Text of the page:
Having never had a walkman or a discman or any other small portable player of music, I suddenly find myself with two MP3 players, one a gift already loaded with an extensive miscellany and the other a gift on which to load my own.  So it was, yesterday, that I began copying about 20 CDs onto my new device.  Quite what anyone would make of this eclectic mixture that ranged from Elgar to Enya, Graham Kendrick to Gregorian Chant, Barber to Bartolli, Karl Jenkins to Jan Garbarek, and all station in between I have no idea, but I'm not too conerned either.  Mostly I've opted for instrumental stuff, but there are some of singing; for anyone who makes such distinctions (I'm not sure I do any more) probably 50/50 sacred/secular.

    Listening to some of it, I was struck how much of it is stuff I bought for a 'reason' - to use a track in worship or to express something that mattered at some point in time.  Having the two devices will be useful when I am tied down for a while, allowing one to recharge as the other plays and giving me stuff to listen to that has no associations as well as plenty that has.

    I may well download some 'pray as you go' and/or audiopot material to take into the hospital with me so that I have something on hand to use when I'm not up for thinking too hard.  That will be just as eclectic for sure!

    What's on your MP3 player?  And why?

  • Slowing Down

    This cartoon from ASBO Jesus made me smile and seemed apposite...


    ASBO 968.jpg

    One of the tricky aspects of minister deprogramming is the equivalent congregational deprogramming ... whether it's a planned sabbatical or enforced extended sick leave our lives become so entwined that the temporary separation is hard to manage.  But then, no one said it wuold be easy... and I think I'm kinda glad it's not.


  • Pausing at the Summit

    Today as I sit at the top of Mt Chemo my limbs are stiff and the after effects of St Eroid's last hurrah leave me rather weary.  As I look back whence I have come, it is remarkable how quickly and how slowly the last sixteen weeks have elapsed... in one sense I can no longer remember a time before I entered this strange new world and I have forgotten what it was like not to live with a diary full of medical appointments; there are moments when I'm not even sure I'm the same person who began this climb.  It has been a strange time for sure, and one from which there is no returning to life before it began.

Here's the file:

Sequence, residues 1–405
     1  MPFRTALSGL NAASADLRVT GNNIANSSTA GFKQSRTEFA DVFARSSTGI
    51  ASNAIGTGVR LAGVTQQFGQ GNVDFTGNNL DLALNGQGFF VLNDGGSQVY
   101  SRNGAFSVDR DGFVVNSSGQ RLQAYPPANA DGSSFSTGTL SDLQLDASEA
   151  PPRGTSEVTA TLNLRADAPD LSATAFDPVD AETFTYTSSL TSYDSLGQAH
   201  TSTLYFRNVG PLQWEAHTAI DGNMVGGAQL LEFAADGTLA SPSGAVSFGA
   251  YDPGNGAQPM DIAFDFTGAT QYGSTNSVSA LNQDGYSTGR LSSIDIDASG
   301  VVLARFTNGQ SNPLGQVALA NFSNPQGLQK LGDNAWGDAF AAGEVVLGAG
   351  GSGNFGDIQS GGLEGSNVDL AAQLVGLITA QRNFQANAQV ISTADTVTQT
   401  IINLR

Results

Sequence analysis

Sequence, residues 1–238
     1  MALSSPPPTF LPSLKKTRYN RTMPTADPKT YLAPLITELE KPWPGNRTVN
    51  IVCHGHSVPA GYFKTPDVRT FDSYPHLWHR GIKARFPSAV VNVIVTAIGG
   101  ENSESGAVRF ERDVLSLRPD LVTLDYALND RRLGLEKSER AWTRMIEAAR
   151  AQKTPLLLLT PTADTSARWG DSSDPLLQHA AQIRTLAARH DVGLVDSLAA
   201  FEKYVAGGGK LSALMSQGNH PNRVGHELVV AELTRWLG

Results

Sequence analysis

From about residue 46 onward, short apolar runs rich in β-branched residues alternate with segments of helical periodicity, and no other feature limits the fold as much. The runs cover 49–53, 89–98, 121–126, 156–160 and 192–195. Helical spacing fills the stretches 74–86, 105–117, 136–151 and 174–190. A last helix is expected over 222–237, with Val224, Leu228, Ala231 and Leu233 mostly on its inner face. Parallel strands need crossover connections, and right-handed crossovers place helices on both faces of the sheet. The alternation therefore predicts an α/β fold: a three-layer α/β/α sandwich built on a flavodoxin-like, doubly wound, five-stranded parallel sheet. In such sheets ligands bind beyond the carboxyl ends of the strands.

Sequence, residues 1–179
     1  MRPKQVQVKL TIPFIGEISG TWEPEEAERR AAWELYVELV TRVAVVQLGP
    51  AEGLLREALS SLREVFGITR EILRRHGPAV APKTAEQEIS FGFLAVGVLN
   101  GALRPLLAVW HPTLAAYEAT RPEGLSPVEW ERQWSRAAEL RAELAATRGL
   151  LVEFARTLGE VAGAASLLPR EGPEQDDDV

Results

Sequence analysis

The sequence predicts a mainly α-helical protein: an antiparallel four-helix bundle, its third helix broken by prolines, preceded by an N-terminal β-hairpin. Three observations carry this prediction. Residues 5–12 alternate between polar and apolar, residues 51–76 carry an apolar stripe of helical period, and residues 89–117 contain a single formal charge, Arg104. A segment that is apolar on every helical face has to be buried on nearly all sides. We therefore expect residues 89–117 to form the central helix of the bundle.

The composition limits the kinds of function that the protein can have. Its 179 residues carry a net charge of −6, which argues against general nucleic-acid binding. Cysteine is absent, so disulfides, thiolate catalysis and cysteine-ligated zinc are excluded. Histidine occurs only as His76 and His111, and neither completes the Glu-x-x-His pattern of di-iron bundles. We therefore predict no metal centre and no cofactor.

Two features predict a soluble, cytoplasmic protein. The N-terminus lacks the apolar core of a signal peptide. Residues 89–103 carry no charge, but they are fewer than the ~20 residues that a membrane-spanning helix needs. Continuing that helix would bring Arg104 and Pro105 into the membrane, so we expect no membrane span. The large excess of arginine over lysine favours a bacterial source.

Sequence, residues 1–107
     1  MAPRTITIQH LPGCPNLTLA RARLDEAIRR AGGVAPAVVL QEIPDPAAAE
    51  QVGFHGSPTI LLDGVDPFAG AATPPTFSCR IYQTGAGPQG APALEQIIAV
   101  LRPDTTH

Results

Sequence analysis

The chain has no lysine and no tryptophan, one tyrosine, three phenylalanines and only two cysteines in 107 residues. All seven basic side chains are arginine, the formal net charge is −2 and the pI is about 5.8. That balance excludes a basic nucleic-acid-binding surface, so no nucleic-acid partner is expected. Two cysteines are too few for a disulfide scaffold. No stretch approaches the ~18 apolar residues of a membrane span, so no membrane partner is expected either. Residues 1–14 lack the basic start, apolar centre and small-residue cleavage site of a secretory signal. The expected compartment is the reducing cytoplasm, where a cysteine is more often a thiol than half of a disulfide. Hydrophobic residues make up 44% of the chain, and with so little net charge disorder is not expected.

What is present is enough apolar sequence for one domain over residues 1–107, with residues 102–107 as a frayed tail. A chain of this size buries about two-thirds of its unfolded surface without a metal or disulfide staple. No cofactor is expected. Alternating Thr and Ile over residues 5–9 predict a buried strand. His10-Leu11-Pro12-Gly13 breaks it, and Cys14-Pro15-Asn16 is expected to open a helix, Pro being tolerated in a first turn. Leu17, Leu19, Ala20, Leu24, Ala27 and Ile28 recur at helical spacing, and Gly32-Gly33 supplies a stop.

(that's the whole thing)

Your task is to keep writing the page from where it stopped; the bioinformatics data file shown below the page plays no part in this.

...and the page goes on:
I realise now I am part of a 'one third world' within the western 'one third world' - for all our wealth and prosperity, a third of us live with cancer, and it is, it feels, a world within a world.  I have been surprised how upsetting it has been to hear of the deaths of Brian Hanrahan or Peter Postlethwaite, fellow inhabitants of this world within a world.  It's not that I ever met them or knew much about them, just the knowledge that they, too, climbed this mountain but for them it was not enough... the vulnerability of those who travel this path is all too evident and yet so commonplace that from outside it slips by almost unobserved.  A strange new world indeed.  I have so much to be grateful for - my climb seems to have been successful and largely struggle-free and it is a strange moment to celebrate that with appropriate humility.

    Along the way I have already learned a lot of 'stuff' about this world and how to live within and beyond it.  At some point it will be right to share some of that, but for now it is good simply to pause, to look back down the slope and realise that it is now behind me.

  • Church on the Web

    This morning I listened to yesterday's service online.  It's something I do from time to time anyway to see how I sound and if what I say makes any sense!  Yesterday's service was an importnat one, the first of the New Year, entrusted to a student who demonstrated so clearly her calling to preach that surely no-one could deny it.  Gently spoken yet with authority; carefully prepared but with flexibility... a blessing to listen to and a reassurance that 'all will be well.'

    I hope our visitor was blessed in her ministry too as she goes forward trusting and obeying the God who has called her.